• Governor Malloy convened a Unified Command Team (UCT) to ensure statewide coordination in the ongoing emergency management efforts and also to provide clear communication to the public. The Connecticut State Department of Education (CSDE) is a member of the UCT, with DPH taking the lead role.
  • The United Way’s 2-1-1 is also a resource equipped to handle inquiries regarding the Ebola virus. Residents with questions or concerns can call 2-1-1 at any time to speak with a call specialist.  Multilingual assistance and TDD are also available.
Ebola Virus Information & Preparedness
This page contains information and links to keep you informed about topics related to the Ebola Virus Epidemic.~
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Ebola: Know the Facts
National health experts are monitoring the current Ebola outbreak in West Africa and are updating their guidance continuously. ~Check the CDC website www.cdc.gov ~for the most up-to-date information, and newtownbee.com, or The Newtown Bee's Facebook and Twitter feeds for breaking local developments.
~
Ebola can be a frightening and confusing topic, so it can be helpful to know some basic facts about the virus:
First, the risk of having or getting Ebola is extremely low unless a person traveled to an affected area (listed on the CDC website) and had direct contact with the blood or body fluids (such as blood, vomit, diarrhea) of an Ebola-infected person, or with objects soiled with that person’s blood or body fluids.
Unless someone meets both of these conditions and has early symptoms (such as fever, headache, muscle pain, vomiting, diarrhea, or stomach pain), they are not at risk of having Ebola.
~
According to state and federal health officials, you can only get Ebola from:
  • Touching the blood or body fluids of a person who is sick or has died from Ebola,
  • Touching contaminated objects, like needles, or
  • Touching infected animals, their blood or other body fluids or their meat
You cannot get Ebola from the air, water, or food, according to the CDC.
~
What can you do now?
Remember during this time of heightened public health awareness that~it is more important~than ever to practice sensible behavior to prevent the spread of disease.~
Again, it is very unlikely that you or someone you know would be at risk of getting Ebola, unless they meet the criteria above, but we can all take steps to stay healthy overall this season and avoid other illnesses like colds and the flu:
  • Wash your hands thoroughly and often with soap and water.
  • Cover your mouth and nose when you cough or sneeze.
  • If you are feeling ill, stay home from work or school.
  • Get your flu shot.
The Newtown Health District continues to encourage everyone to get their yearly Flu shot.~~While it is important to get an annual~flu shot – this year is especially important.~ The flu is a serious illness because~it causes severe symptoms and can lead to complications and death.~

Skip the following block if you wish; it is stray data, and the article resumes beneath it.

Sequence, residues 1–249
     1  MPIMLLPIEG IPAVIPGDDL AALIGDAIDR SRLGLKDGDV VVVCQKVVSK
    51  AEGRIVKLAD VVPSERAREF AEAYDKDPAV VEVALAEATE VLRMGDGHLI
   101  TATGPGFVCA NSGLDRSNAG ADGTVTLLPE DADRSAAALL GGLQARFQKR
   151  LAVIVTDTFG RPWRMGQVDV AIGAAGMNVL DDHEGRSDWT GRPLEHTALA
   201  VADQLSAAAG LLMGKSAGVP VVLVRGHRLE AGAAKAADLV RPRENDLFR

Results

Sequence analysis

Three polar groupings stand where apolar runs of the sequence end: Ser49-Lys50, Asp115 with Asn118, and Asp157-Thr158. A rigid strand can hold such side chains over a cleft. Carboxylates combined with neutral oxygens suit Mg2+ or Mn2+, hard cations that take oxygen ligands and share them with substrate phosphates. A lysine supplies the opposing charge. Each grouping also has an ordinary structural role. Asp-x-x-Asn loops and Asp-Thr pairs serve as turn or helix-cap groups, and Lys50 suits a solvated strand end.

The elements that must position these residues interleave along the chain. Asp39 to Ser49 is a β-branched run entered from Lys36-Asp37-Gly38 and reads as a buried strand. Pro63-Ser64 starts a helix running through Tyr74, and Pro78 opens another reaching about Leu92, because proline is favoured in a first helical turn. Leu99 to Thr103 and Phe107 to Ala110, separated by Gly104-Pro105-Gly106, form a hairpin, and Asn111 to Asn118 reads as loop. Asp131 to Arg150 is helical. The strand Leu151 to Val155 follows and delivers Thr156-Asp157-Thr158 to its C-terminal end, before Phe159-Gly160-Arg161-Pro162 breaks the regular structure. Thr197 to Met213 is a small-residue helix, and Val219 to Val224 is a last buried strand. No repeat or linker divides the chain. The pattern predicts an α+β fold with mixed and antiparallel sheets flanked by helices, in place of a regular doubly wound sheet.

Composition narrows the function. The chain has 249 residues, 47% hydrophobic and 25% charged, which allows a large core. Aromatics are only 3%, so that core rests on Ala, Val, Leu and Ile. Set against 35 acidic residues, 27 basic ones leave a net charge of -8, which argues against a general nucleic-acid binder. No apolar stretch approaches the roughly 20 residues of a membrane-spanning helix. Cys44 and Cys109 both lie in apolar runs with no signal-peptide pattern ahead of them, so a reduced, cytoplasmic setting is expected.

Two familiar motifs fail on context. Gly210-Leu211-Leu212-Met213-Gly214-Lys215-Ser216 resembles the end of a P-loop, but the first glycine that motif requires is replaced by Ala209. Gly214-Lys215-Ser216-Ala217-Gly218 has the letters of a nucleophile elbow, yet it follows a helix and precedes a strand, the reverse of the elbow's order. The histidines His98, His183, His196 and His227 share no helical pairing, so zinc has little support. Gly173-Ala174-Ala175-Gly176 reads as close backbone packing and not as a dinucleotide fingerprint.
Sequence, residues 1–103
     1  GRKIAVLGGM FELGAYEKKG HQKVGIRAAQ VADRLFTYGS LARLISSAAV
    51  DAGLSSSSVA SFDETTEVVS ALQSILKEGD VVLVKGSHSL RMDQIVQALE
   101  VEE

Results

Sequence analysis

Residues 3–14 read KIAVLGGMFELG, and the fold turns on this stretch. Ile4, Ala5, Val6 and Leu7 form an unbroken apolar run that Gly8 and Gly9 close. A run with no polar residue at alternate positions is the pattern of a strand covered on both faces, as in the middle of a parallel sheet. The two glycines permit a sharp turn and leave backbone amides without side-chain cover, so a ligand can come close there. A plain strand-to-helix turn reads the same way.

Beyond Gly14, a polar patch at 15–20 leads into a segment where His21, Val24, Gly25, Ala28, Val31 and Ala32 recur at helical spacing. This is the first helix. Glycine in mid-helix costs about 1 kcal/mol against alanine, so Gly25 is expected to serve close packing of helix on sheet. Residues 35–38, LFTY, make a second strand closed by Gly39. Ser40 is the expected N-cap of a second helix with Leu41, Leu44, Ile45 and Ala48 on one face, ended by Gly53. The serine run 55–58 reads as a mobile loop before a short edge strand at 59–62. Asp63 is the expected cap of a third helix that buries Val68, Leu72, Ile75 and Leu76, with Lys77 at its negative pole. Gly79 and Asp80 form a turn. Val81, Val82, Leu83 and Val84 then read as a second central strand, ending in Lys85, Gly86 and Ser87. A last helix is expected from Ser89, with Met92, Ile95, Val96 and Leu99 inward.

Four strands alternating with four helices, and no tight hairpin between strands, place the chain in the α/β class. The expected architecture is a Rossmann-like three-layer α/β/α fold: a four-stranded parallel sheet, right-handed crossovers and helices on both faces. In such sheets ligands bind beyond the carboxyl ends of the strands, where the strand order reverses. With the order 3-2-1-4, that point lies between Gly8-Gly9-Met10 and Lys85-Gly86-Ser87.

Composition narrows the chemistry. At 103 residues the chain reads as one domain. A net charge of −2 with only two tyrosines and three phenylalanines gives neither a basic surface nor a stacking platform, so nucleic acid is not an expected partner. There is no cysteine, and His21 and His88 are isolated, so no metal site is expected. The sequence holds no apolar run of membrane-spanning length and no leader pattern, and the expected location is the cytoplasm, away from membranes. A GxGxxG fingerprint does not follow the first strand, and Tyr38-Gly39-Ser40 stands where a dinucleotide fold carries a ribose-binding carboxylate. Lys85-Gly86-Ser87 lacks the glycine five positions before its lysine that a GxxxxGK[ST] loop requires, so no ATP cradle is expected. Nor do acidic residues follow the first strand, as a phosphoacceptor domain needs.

It is important to protect the health of yourself, your family, co-workers~and community members.
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The Newtown Health District is working closely with town officials, emergency responders, health care providers, and state health officials to monitor the situation and prepare in the unlikely event that Ebola virus should appear in our area.
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For more information, visit these webpages:
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ENTEROVIRUS D68 (EV-D68)

Recent media coverage about cases of Enterovirus D68 (EV-D68) which has caused severe respiratory symptoms in children in several states has raised awareness and concerns for families in our community.

Enterovirus D68 (EV-D68) is one of many non-polio enteroviruses. This virus was first identified in California in 1962, but it has not been commonly reported in the United States.

EV-D68 can cause mild to severe respiratory illness.  Mild symptoms may include fever, runny nose, sneezing, cough, and body and muscle aches.   Most of the children who got very ill with EV-D68 infection in Missouri and Illinois had difficulty breathing, and some had wheezing. Many of these children had asthma or a history of wheezing.

EV-D68 likely spreads from person to person when an infected person coughs, sneezes, or touches contaminated surfaces.  EV-D68 causes respiratory illness, the virus can be found in an infected person’s respiratory secretions, such as saliva, nasal mucus, or sputum.
In general, infants, children, and teenagers are most likely to get infected with enteroviruses and become ill. That's because they do not yet have immunity (protection) from previous exposures to these viruses. This is believed to also be true for EV-D68.